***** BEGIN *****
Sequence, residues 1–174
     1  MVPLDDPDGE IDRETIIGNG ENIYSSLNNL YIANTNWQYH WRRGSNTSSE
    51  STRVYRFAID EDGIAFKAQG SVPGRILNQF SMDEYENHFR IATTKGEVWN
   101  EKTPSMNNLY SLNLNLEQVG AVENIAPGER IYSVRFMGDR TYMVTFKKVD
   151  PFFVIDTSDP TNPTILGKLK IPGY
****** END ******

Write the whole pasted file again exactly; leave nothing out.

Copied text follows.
Sequence, residues 1–174
     1  MVPLDDPDGE IDRETIIGNG ENIYSSLNNL YIANTNWQYH WRRGSNTSSE
    51  STRVYRFAID EDGIAFKAQG SVPGRILNQF SMDEYENHFR IATTKGEVWN
   101  EKTPSMNNLY SLNLNLEQVG AVENIAPGER IYSVRFMGDR TYMVTFKKVD
   151  PFFVIDTSDP TNPTILGKLK IPGY